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“The real problem is that many white males feel adrift by social change and economic dislocation who focus their resentment on the wrong targets.”

Who are the right targets?

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Posted: 03 December 2007 10:33 AM   [ Ignore ]   [ # 4 ]  
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Carstonio, you nailed it exactly flat on the head.  His book is a expose on just those very things. 

He takes the most genuine method I’ve ever seen on addressing these truths—he lives with them, his boyhood hometown; and his critics who claim he has no love or respect for the people he writes about are unfounded. 

Dee, you’d have to live in the south, the bible-belt perhaps, to really appreciate why he chose the title of his book to be Deer Hunting with Jesus.  I hope you read it to see how it’s named!

Enjoy!

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Posted: 15 December 2007 07:13 PM   [ Ignore ]   [ # 5 ]  
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JeffP - 01 December 2007 12:56 PM

I wonder if anyone’s read Joe Bageant’s book Deer Hunting With Jesus?

Well, I just finished reading “Deer Hunting With Jesus.” I hadn’t heard of Joe Bageant or his book until I saw this thread. 

The book opens with the oft-asked question:  why do the people of “The Heartland” consistently vote Republican seemingly against their own best interest?  Bageant is at his best when he provides entertaining anecdotes to illustrate why this is so.  But it seemed like most of the book was just a long rant against all the usual suspects:  corporate America, the media, the military and the Republicans.  Not that I disagree with what he’s saying necessarily, but it’s already been said and said and said.  To be fair, he’s also critical of the liberal elite for being unable or unwilling to relate to redneck culture.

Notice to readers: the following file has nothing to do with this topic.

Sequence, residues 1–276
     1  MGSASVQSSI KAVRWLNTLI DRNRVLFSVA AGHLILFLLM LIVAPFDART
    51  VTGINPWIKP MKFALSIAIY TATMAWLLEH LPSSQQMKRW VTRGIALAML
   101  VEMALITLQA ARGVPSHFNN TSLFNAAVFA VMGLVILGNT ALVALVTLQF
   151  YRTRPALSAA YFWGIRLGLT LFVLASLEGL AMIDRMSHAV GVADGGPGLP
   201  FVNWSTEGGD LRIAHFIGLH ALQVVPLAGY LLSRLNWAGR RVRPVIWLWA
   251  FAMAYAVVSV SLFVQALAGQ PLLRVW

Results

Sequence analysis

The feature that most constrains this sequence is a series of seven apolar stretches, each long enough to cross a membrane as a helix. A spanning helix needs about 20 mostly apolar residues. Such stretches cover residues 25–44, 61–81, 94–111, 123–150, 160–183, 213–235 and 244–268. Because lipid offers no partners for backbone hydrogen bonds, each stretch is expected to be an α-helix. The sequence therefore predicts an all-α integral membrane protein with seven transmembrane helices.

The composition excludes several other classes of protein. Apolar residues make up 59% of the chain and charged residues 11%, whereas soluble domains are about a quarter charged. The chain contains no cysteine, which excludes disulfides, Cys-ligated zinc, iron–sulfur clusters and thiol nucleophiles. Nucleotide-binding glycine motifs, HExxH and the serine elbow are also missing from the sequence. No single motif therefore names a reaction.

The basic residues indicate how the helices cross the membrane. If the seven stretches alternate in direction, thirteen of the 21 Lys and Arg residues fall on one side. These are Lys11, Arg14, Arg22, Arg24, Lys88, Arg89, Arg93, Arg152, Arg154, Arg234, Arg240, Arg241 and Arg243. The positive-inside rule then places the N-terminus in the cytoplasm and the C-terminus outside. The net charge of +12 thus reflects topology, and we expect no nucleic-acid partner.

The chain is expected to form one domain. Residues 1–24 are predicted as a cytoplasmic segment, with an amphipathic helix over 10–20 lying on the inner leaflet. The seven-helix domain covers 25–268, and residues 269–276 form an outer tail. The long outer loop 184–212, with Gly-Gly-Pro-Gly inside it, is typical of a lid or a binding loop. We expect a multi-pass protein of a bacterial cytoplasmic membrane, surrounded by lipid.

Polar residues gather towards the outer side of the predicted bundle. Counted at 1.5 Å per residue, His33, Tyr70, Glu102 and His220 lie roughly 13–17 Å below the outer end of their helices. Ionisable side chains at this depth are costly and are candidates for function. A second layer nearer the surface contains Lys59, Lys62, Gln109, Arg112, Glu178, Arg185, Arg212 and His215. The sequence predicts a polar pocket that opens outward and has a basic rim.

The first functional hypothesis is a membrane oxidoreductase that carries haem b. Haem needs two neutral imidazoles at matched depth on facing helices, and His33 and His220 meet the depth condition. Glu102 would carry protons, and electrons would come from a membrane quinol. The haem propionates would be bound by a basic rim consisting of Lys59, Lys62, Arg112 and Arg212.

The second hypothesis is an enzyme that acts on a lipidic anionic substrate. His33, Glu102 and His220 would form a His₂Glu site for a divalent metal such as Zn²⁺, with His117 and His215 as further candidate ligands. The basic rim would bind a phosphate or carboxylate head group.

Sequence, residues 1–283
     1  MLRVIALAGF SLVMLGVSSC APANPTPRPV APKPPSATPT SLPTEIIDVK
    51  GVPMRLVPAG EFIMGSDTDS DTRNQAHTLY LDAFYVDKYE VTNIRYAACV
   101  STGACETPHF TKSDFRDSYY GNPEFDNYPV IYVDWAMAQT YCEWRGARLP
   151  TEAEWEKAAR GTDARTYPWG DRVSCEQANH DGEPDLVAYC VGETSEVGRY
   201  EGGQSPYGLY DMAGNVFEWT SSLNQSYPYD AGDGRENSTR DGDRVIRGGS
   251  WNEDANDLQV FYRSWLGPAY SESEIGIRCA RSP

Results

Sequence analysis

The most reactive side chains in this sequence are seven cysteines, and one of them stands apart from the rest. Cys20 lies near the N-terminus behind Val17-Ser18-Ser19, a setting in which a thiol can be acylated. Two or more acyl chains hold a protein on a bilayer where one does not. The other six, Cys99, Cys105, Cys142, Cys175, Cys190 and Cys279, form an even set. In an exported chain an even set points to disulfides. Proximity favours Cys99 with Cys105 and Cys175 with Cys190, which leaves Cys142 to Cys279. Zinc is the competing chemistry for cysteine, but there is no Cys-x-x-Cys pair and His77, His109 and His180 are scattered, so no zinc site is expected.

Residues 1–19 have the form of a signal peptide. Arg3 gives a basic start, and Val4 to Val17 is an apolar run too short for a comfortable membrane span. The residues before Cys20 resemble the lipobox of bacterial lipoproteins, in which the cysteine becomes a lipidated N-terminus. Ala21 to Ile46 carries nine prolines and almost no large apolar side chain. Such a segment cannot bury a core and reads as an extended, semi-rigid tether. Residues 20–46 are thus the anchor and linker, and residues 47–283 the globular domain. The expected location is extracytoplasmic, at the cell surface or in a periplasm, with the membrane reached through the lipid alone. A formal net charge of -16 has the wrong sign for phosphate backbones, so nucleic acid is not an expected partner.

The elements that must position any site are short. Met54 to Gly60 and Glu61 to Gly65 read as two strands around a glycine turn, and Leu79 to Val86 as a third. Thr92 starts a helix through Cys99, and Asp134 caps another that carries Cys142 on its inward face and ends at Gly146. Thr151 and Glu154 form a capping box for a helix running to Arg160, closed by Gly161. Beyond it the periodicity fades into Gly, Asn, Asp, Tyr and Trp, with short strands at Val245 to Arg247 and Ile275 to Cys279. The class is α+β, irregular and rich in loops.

My favorite part of the book was the chapter on redneck gun culture, and why the liberals are so out of touch with reality when it comes to the second amendment.  I’ve often wondered why the Democrats are so stupidly stubborn—to their own detriment—on this issue.

The book’s jacket describes Bageant as a “hero among gonzo-journalism junkies.”  He seems to be trying to emulate the likes of Hunter Thompson through embellishment and exaggeration.  But where Thompson was funny with his over-the-top descriptions of fast cars, drugs and nearly everything else, Bageant comes across as merely shrill, especially by the end of the book.